The AfCFTA has a dispute settlement mechanism modelled along the WTO system. This affects only disputes between the Member States. The Agreement is conspicuously silent on cross-border disputes amongst private citizens and the divergent systems of law operating in the Member States. It thus appears that for the meantime, the divergent national private international rules which are obsolete in many Member States will continue to govern cross-border disputes. To what extent this can support the objective of intra-African trade facilitation is left to be seen.
For Nigeria, it is time we revamped the Nigerian private international law. As a prominent member of AfCFTA, Nigeria should take a special interest in the progressive development of private international law through multilateral platforms both under the AfCFTA and other global bodies such as the Hague Conference. The current lackadaisical attitude to multilateral private international rules needs to change. For instance, Nigeria has neither joined the Hague Conference nor acceded to any of its conventions. The Evidence and Service Conventions would have delivered a more efficient international civil procedure for Nigeria. Also, the 2005 Choice of Court Convention (and hopefully the 2019 Judgments Convention) would give Nigerian judgments wider circulation and respect. At the Commonwealth level, Nigeria did not pay any significant role in the making of the 2017 Commonwealth Model Law on Judgments and has no intention of domesticating it. The point we are making is that Nigeria needs to be responsive to international calls for the development of private international law, not just from AfCFTA when such is made, but also ongoing global private international law projects.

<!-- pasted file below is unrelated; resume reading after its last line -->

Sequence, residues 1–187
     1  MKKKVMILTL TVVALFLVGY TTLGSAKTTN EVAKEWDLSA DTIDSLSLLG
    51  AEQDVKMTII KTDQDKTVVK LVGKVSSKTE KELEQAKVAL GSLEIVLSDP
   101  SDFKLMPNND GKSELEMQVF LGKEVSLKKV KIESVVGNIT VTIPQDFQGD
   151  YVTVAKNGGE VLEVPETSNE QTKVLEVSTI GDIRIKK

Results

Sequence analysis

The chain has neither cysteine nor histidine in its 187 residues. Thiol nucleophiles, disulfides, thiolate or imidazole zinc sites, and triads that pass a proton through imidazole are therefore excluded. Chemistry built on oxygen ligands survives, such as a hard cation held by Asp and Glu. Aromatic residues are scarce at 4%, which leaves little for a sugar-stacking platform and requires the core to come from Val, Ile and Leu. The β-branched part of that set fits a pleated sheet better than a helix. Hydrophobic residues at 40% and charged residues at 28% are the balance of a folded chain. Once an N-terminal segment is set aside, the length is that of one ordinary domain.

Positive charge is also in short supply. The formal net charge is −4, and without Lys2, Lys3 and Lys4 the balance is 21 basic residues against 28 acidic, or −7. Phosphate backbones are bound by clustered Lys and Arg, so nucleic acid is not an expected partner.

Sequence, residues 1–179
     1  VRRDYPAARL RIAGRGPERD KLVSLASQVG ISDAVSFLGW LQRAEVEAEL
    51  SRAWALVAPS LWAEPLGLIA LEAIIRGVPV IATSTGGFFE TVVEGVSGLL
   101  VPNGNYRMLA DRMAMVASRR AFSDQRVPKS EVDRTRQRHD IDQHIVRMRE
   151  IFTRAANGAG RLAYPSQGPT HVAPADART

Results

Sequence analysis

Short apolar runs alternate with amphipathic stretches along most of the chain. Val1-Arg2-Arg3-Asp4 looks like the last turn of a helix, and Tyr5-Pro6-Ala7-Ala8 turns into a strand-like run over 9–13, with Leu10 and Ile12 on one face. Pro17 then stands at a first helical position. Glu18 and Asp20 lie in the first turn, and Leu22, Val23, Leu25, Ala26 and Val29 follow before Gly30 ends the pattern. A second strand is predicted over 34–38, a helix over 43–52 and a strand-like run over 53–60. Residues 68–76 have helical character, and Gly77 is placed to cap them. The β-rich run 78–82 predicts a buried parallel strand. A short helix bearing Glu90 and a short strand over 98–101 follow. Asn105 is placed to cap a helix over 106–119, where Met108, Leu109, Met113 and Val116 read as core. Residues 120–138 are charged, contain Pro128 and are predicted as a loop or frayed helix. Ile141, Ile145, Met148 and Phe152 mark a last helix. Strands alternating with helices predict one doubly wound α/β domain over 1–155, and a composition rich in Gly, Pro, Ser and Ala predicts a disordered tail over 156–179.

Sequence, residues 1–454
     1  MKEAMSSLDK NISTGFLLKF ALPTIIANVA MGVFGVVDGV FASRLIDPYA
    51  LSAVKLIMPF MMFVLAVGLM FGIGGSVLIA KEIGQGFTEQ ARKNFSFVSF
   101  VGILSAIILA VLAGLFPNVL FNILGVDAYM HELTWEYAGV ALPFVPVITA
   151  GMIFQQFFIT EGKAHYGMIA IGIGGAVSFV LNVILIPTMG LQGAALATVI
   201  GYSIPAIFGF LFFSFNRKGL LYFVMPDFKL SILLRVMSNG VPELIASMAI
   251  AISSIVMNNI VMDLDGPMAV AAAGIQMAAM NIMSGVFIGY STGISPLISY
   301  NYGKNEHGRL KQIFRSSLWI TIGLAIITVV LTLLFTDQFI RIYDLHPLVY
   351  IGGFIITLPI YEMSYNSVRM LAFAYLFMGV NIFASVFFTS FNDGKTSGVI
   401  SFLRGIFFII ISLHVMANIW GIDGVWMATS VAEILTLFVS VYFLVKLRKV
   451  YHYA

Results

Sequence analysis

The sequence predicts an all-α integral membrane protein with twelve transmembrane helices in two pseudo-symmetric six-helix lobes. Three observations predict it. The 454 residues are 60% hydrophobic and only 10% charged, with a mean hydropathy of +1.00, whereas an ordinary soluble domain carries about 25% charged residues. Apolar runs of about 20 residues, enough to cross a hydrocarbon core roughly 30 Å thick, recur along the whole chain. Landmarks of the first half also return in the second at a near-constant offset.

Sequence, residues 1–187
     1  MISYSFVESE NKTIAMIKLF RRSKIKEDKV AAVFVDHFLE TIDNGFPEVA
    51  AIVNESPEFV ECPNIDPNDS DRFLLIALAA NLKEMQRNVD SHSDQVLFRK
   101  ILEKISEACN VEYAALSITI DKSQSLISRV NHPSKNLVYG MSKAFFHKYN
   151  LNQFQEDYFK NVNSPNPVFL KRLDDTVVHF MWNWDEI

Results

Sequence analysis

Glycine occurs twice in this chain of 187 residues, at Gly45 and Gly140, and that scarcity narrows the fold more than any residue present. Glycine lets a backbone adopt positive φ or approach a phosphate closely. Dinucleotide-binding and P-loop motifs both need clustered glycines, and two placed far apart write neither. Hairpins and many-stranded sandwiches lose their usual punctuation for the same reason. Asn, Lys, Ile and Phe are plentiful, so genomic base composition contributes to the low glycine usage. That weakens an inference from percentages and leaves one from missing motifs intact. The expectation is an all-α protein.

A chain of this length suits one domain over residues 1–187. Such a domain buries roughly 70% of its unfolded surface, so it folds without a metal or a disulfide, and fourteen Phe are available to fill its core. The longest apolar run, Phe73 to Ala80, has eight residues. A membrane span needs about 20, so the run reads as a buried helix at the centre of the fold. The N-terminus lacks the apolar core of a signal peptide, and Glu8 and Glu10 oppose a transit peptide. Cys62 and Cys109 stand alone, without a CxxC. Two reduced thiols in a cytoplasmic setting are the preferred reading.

To reap the benefit of AfCFTA, the Nigerian justice system must be made to be attractive to foreign businesspersons. No doubt, foreign litigants will be more interested in doing business in countries that have in place an efficient, effective and credible legal system that enforce contracts and dispose of cases timeously. Nigeria will be competing with countries such as South Africa, Egypt, Rwanda and Ghana. In one recent empirical research carried out by Prof Yemi Osibajo, the current Vice President of Nigeria, on the length of trial time in civil cases in Lagos State, it takes an average of 3.4 years to resolve a civil and commercial transaction in Nigeria. A further period of 2.5 and 4.5 years is required if the matter proceeded to the Court of Appeal and the Supreme Court respectively (Osinbajo, 2011). Excessive delays in dispute resolution may make Nigeria unattractive for resolving business disputes. The other side of the coin is the enforcement of contracts, especially jurisdiction agreements. Foreign litigants may be persuaded to trade with Nigeria if they are assured that foreign jurisdiction clauses will be respected by Nigerian courts. The current approach is not too satisfactory as there are some appellate court decisions which suggest that parties’ choice may not be enforced in certain situations (Okoli, 2020b). Some of the local statutes like the Admiralty Jurisdiction Act which grants exclusive jurisdiction over a wide range of commercial matters may equally need to be reviewed.